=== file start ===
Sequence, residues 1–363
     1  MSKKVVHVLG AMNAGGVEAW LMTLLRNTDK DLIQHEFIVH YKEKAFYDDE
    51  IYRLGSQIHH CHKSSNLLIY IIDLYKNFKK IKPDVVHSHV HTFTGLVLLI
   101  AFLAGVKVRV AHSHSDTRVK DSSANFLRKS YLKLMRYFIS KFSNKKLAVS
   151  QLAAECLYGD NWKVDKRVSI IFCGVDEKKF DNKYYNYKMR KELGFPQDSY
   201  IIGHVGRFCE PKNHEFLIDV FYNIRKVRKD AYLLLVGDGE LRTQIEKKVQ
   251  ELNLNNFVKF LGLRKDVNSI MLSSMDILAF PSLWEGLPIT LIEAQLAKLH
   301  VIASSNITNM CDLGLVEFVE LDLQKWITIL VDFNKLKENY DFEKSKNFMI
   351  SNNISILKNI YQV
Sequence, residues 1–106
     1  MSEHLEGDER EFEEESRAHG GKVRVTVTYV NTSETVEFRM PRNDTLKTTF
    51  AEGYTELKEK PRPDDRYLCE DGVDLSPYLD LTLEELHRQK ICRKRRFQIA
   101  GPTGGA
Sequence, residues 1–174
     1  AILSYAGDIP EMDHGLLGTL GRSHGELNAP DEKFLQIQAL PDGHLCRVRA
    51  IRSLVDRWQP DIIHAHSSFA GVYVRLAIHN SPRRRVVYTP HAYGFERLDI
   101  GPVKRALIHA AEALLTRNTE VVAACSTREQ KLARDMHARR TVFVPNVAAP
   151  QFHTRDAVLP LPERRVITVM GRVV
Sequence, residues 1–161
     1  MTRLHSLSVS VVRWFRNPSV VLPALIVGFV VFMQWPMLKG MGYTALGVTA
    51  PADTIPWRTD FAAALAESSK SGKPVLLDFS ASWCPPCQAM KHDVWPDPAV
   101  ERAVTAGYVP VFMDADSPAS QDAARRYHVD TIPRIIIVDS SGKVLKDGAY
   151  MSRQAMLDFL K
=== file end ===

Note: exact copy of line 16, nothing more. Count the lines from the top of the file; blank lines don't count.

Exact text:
    51  IRSLVDRWQP DIIHAHSSFA GVYVRLAIHN SPRRRVVYTP HAYGFERLDI